IT professionals debunk IRS ‘disappeared’ email claim

By KTTH | June 23, 2014

Paul Ryan blasts IRS chief

Wisconsin Congressman Paul Ryan berates IRS commissioner John Koskinen about the supposedly lost emails of Lois Lerner on June 20. Host David Boze remarked that Koskinen at the hearing had “all the emotional appearance of a snake.”

So, the Internal Revenue Service says that documents written by Lois Lerner – emails, memos, whatever – and shared with other IRS officials, potentially pertaining to the targeting of conservative nonprofit groups, have simply disappeared off of the agency’s computers?

In an era where your Facebook page can get you fired or where a stray comment on an Internet forum can get you arrested, you don’t need to be a computer geek to smell something fishy in what the IRS is saying.

But, for the sake of accuracy, host Ben Shapiro was able to speak to a couple of Internet technology professionals about the nuts and bolts of data storage – and those IT workers basically debunked everything the IRS told Congress about Lerner’s “disappeared” emails.

“There are laws about storing this kind of data for extended periods of time,” IT worker Terry told Shapiro. “There’s plenty of redundancy in servers, especially when you’re talking about government-based IT systems. They have to have disaster recovery in the event something happens. They’re giving us just that, a story.”


There are several technological pieces to the Lerner data saga. The IRS claims that Lerner emails that Congress requested were gone because her computer hard drive crashed in 2011. And then, the IRS “recycled” the hard drives.

But, a hard drive crash would definitely not affect her emails, because documents like emails are not stored on computer hard drives.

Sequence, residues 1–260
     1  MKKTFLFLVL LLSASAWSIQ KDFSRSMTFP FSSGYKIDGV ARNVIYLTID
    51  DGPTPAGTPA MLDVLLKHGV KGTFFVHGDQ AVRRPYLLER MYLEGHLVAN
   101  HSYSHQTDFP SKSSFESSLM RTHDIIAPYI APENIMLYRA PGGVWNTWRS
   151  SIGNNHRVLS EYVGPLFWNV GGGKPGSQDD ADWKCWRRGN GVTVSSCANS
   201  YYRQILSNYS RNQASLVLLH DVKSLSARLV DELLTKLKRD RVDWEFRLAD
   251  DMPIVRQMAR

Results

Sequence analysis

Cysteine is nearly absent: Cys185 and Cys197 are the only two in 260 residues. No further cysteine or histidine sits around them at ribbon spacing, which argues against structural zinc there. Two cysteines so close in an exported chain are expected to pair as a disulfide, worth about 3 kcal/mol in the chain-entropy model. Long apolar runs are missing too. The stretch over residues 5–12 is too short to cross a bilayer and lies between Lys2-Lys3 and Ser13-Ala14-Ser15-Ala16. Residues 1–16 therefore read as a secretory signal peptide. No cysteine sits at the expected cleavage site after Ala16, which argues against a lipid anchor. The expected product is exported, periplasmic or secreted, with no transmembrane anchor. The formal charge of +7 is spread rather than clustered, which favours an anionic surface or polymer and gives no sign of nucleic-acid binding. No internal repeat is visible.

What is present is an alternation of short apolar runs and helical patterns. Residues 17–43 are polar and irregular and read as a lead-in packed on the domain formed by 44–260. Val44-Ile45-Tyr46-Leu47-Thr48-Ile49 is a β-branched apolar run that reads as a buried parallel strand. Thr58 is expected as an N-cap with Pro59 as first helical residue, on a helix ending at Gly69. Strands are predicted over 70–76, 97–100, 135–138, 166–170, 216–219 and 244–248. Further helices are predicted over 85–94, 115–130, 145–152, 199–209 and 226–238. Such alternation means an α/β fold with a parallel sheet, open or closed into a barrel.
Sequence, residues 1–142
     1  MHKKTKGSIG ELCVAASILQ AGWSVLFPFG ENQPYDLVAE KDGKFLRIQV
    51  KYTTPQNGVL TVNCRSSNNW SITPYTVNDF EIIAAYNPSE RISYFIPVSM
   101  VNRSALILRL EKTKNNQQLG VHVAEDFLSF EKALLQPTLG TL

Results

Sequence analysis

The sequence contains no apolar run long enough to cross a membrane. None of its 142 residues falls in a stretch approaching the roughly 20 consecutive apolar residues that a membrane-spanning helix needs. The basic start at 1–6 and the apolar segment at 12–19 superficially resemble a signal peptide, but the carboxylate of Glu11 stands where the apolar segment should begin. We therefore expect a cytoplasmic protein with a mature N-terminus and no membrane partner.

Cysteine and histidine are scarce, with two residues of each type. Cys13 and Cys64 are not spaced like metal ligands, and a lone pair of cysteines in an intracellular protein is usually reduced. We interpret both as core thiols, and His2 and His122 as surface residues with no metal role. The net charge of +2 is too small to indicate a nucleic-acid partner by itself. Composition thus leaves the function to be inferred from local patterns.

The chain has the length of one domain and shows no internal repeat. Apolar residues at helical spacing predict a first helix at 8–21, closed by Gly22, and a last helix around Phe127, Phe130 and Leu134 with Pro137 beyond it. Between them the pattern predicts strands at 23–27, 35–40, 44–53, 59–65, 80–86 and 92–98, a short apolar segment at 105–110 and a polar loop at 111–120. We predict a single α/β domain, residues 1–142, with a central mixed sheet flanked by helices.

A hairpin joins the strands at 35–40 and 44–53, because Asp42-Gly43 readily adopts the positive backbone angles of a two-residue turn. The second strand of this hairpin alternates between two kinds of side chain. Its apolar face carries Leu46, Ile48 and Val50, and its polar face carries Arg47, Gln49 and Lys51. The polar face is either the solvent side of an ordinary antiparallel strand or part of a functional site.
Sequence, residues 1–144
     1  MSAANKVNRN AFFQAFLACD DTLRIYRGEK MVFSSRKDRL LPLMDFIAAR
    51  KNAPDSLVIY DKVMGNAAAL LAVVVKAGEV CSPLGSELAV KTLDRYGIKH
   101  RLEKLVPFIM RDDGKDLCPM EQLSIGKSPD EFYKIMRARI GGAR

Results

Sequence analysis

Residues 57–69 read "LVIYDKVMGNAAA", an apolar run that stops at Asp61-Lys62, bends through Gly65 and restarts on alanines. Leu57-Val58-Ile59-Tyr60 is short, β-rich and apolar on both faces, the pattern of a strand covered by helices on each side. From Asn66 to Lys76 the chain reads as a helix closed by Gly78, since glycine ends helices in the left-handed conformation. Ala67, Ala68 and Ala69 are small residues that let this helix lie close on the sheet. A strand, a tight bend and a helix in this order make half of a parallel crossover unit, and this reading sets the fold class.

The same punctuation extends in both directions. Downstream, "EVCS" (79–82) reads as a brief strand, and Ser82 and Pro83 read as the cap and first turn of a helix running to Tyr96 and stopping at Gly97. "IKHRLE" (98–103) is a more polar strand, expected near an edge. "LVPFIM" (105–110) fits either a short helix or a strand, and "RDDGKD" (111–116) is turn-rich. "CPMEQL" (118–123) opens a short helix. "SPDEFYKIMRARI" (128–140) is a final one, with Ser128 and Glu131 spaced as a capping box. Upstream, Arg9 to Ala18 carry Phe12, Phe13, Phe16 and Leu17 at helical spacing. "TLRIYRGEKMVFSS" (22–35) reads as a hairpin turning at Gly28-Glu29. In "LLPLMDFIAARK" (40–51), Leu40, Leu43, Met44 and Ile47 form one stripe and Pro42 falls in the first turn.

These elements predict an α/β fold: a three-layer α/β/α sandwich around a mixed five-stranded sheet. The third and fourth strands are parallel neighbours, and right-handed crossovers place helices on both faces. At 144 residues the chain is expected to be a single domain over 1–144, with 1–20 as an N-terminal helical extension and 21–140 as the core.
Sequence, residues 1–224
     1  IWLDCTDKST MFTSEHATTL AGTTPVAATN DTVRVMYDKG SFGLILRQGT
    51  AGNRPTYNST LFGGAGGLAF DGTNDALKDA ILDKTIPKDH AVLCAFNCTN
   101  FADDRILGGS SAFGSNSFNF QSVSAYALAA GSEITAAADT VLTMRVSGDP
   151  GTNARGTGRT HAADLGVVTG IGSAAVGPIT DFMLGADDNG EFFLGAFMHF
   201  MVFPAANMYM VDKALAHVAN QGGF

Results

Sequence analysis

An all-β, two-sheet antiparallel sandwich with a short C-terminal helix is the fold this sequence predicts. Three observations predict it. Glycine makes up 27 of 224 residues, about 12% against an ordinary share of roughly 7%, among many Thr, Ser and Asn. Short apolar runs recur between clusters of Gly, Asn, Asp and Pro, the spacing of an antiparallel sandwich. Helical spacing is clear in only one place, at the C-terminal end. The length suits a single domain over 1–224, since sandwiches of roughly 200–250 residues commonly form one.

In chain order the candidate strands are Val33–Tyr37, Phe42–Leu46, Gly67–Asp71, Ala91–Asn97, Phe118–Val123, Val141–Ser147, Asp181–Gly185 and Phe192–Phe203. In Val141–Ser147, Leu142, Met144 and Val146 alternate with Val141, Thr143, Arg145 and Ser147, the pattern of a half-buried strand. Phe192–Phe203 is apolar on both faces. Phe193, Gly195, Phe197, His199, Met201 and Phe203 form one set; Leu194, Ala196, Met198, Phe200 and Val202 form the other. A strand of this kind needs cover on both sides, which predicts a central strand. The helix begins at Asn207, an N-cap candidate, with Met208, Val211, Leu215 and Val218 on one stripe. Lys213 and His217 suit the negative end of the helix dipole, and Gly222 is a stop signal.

“There’s nothing stored on a hard drive, it’s on an exchange server, that’s how she can access those emails on a portable device,” McClean, an IT worker from Lake Stevens, told Shapiro.

A report out Monday underscored McClean’s claim. The IRS contracted with the company Sonasoft to store emails in 2009, which is one of the years Congress wanted emails. Sonasoft even bragged on Twitter that the IRS trusted the company to store its emails.

“I used to design disaster recovery systems, and it’s a requirement that these servers be stored in different locations around the country, so that the tornadoes in Joplin or the floods here don’t destroy data,” McClean continued. “This data exists in multiple locations in the country.”

Shapiro was floored that the IRS would, at worst, lie about the data. At best, the IRS is an incredible hypocrite, requiring ordinary Americans to keep up to seven years of tax documents, when it can’t even keep a few years’ worth of emails.

“I don’t think these IT professionals are wrong,” Shapiro said. “I’m getting sick of living in a country where the government is held to a different standard than we are. Astonishing.”

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